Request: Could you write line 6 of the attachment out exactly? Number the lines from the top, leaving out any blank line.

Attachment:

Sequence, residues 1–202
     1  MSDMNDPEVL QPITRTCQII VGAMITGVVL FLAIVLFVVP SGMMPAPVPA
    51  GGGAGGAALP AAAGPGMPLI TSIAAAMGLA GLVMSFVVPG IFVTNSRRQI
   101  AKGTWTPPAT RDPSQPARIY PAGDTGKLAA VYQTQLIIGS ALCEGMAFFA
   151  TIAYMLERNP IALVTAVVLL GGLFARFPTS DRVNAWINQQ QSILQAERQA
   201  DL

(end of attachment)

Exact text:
   201  DL